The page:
It’s been a while since I visited the topic of Waterford United (it’s a recurring theme), and while I can say with an utterly straight face that I’ve been following their efforts as they have roared up the table, it doesn’t excuse not going to the games. Summer soccer was meant to make going to matches more attractive, and at the time of writing an evening in the RSC looks like a pleasant prospect, but whoever came up with the idea didn’t twig that punters have a lot more going on in the summer months. What with weddings (one of which put the kibosh on me going to the Munster final), jaunts abroad and guests from abroad, there always seems to be something going on.
Excuses, excuses. When the decision was made to switch to summer soccer, the powers-that-be were probably only too well aware that those who didn’t want to go would swap one set of excuses (see above) for another (bad weather, dark evenings, kids in school, Liverpool on the telly, Pisces not aligned with Capricorn). So tonight I’m heading along with a feeling of dread that I’m about to put the mockers on their splendid run of late.
And what a run it has been. Their win over Longford Town last weekend was their seventh on the bounce and has a potential long-term significance which we’ll get back to in a moment. After the debacle against Wexford Youths on the opening day of the season I opined that “there was nothing in the second half of last season to suggest Paul O’Brien is a huge improvement on Stephen Henderson”. Oh me of little faith. Speaking to an RSC regular after the bounce-back win over Limerick the following week, his considered opinion was that while doubts existed over O’Brien’s ability to manage a squad of unruly yahoos, there was no question over his tactical nous and his faith in the latter looks to have been justified.
After Ireland’s limp exit from Euro 2012, Eamon Dunphy pieced together a montage supporting his thesis that Giovanni Trappatoni’s excuses about the necessity of deploying tactics to maximise the potential of a squad with minimum talent were wearing thin. He showed the journeymen of Swansea City inflicting death by a thousand passes on Liverpool in their match at Anfield last November. It was impressive watching the Swans knock the ball around with elegant precision compared to Ireland’s club-footed efforts, and it had the triple whammy of:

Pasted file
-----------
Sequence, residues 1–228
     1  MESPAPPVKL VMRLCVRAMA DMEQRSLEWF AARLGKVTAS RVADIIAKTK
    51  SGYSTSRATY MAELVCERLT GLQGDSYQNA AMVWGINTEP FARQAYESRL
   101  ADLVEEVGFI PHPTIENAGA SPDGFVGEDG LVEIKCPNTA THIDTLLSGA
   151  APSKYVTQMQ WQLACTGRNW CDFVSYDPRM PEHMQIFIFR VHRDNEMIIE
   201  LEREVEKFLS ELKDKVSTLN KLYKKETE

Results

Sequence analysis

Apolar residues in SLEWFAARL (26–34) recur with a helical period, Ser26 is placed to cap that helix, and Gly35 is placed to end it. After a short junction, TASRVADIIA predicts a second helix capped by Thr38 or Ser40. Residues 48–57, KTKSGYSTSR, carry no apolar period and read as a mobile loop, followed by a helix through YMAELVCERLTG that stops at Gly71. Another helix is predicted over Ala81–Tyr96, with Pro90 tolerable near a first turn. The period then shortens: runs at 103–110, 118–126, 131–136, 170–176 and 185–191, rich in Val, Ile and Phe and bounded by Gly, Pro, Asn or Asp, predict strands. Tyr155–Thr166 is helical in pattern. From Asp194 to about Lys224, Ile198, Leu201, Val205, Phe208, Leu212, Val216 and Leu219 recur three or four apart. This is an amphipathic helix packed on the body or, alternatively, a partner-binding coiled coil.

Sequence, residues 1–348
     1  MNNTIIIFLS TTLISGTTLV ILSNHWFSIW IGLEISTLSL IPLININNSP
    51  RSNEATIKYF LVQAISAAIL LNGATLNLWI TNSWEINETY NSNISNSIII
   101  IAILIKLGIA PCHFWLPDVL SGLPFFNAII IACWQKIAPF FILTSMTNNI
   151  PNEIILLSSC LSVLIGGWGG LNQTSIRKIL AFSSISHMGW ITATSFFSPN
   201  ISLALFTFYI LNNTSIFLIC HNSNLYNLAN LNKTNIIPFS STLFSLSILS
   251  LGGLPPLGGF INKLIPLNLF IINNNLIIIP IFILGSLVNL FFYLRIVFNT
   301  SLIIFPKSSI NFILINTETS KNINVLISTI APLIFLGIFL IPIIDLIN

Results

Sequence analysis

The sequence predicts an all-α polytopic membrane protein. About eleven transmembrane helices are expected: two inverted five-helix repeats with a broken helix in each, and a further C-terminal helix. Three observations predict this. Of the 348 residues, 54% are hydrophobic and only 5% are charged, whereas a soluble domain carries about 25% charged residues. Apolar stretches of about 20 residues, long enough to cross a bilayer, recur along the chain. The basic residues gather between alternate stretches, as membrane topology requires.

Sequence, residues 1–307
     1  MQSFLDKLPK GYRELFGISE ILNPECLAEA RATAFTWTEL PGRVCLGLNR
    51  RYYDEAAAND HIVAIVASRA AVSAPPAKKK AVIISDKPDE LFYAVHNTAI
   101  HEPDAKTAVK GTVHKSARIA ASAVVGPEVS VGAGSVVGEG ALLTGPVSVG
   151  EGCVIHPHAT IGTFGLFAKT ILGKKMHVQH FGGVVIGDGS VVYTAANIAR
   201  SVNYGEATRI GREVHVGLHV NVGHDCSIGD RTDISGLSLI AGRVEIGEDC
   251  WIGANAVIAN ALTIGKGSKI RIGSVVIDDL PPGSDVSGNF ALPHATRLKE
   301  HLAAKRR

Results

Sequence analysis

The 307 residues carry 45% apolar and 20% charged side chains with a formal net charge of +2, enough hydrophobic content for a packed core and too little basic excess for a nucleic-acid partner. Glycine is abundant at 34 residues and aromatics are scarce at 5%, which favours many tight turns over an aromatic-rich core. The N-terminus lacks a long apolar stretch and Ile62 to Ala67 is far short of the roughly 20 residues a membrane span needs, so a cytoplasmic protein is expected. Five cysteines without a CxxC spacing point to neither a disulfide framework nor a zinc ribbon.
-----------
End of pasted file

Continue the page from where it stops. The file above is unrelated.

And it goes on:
- giving me a little encouragement about Brendan Rodgers’ appointment to Liverpool (not too much though; 237 times bitten, 238th time shy);
- making Mrs d a very happy camper as Dunphy, whom she has always disliked, said “Swansea were applauded off the field that day by the Liverpool crowd, the most knowledgable in football”. She enjoyed that. And;
- realising that managers can make a difference, especially on tight budgets.
And it has come to pass that Paul O’Brien has made a huge difference.
Unfortunately there’s only so much you can do and while my prediction about the likelihood of him making a go of it as Blues manager may have been hopelessly wrong, my prediction about the idiocy of the eight-team First Division looks like it is coming to pass. With only eight teams in the division, the chances of overhauling runaway leaders like Limerick are practically impossible as they keep on out-muscling the minnows. Limerick have only lost four games all season and incredibly three of them have been against the Blues. We could win all our remaining games, including the fourth game against Limerick at Jackman Park, and it is likely we’ll still end up finishing behind them. It’s not Limerick’s fault, they can only play what’s put in front of them and we weren’t able to do the same to those teams on a regular basis, nor is it the fault of diddy teams (© Scottish soccer pundits) who are doing the FAI a favour by holding it together, which is more than can be said for Monaghan United. But such a lopsided league is not fit for purpose. You wonder whether the remainder of the League season is a phony war as the FAI prepare to address the current situation which only leaves a seven team-First Division for next season . . .
So Waterford find themselves facing up to the prospect of another play-off. In the 1960’s Waterford’s great enemy was Shamrock Rovers. Now it’s play-offs. The thought of a play-off against Longford, surely the most likely outcome at this stage of the season, will be bringing Blues fans out in a cold sweat. There is one reason to be cheerful, and that goes back to that win over Longford last week. When the Blues lost to Monaghan two seasons ago, it was on the back of six straight defeats to them. Longford were approaching similar Jonah-like proportions, but hopefully that particular boil has now been lanced. Then we’ll have another play-off, most likely against UCD who made mincemeat of the Blues the last time I saw them play.
Ugh. They sure don’t make life easy for you, do they? We’ll probably be none the wiser about Waterford’s ultimate fate this season, but it’ll beat the Olympics opening ceremony hands down.